Community volunteers have shown commitment in the work they do by continuing to
visit, monitor and support families. Some have supported families with their food and
couples counselling.
They have made a positive impact in supporting families by reporting all the concerns
and cases in the community of the most vulnerable families and children. Since the CVs
are within the vicinity of these families, they have access and can intervene where there
are child protection concerns within the families.
They have trained and supported families to improve their parenting skills during the
lockdown. We have heard from some families and caregivers who have expressed their
appreciation of the support from the community volunteers who check on them and encourage them to take care of their children. They say that they continue to visit them and encourage them to watch their children and not let them roam around the village and to watch out for child abusers.
5. What is the biggest challenge that your social workers are facing? 
The biggest challenge we are facing to convince the community volunteers that they are well trained and are in a position to handle minor cases and that not all cases require financial support. Communication with some community volunteers and families who do not have phones makes getting information and documentation difficult in some areas.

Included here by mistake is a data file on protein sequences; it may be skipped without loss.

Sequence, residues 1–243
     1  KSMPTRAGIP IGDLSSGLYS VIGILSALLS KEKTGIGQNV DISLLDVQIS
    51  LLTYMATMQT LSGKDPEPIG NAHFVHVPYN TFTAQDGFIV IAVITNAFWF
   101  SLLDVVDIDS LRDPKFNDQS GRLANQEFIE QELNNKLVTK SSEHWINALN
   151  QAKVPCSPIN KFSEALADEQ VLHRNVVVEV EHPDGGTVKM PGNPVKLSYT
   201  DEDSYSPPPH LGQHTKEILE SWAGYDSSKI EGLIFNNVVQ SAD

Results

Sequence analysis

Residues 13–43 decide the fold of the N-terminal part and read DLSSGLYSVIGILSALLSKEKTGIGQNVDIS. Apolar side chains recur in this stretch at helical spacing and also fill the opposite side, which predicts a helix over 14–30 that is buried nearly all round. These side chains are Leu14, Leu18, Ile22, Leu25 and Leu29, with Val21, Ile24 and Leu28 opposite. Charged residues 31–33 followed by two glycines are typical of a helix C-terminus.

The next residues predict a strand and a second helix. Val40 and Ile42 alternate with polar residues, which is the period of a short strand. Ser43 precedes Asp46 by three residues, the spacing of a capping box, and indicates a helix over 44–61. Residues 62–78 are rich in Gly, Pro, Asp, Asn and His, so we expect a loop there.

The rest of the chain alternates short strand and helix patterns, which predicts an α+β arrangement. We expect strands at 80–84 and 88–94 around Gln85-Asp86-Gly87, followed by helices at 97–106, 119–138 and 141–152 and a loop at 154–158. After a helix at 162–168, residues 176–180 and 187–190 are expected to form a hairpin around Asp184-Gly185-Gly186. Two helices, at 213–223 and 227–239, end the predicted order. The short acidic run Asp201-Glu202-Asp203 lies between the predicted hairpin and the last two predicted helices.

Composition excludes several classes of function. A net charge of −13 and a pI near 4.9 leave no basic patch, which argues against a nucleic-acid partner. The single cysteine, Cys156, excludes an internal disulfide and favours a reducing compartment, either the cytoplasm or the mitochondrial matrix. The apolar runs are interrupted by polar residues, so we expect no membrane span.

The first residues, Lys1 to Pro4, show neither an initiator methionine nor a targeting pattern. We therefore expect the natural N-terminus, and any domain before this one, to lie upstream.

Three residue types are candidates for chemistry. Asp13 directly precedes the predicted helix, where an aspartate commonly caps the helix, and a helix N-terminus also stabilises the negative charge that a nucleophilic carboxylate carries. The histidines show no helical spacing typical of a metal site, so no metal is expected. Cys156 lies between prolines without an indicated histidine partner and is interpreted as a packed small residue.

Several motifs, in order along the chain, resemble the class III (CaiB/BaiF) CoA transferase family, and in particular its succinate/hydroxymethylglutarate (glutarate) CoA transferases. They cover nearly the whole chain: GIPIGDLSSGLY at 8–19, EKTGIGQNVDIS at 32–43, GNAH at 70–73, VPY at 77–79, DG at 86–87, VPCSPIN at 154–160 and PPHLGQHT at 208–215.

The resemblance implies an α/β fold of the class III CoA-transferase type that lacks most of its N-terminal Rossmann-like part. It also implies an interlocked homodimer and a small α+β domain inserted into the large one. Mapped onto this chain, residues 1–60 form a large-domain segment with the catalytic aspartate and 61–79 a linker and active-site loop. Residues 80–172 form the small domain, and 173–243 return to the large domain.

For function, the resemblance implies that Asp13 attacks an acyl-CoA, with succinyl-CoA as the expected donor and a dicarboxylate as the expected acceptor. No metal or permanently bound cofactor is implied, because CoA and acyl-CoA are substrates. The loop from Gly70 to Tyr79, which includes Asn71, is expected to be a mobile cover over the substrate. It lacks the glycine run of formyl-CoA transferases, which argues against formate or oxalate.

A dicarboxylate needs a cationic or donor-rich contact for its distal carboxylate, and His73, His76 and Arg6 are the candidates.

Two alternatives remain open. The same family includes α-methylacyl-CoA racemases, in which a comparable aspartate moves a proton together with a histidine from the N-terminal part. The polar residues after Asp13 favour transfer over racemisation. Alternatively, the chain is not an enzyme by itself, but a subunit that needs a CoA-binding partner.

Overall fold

Unstable internet in our areas of operation is another challenge. It makes communication especially video conferencing difficult.
6. What are the biggest challenges that families are facing?
The three biggest challenges which families are facing are lack of food, medical support
and mental health issues due to the COVID19 pandemic and ongoing lockdown. With
no government welfare programme or additional support outside of NGOs and local
communities, it is estimated that not only will those previously experiencing poverty be
in a worsened situation.
As a result, the Community Development Officers are requesting food and medical support for the struggling families of Mpigi. The rising COVID-19 infections rates in Mpigi are another big source of concern. Families fear for their children, they fear that they may not the educational support in case they need, because of the lockdown. They fear that their children are going to become unruly because some of the children returned home without any school work and are not occupied.
Some parents are worried about how they will support their families as most of them are
not working and cannot buy their goods. Due to the uncertainty of the length of the
lockdown, most parents are afraid of what will become of their children’s future when schools are closed.
7. How are you supporting these families to get through these challenges?
We are continuing to enrol and support families under our Active Family Support
scheme through which we provide vulnerable families with food and medical support,
depending on their needs.
We work with our community volunteers to carry out assessments for those cases that are referred to us to avoid duplication of support to families.
We support families with counselling and supporting the children to engage in fun
activities, keep them busy and occupied. We also support families with learning
materials for their children.
Child’s i Foundation works closely with national and local governments to repurpose orphanages, strengthen families, and work on the underlying causes of separation. We also work to set up alternative systems of quality care including support to kinship carers and foster care.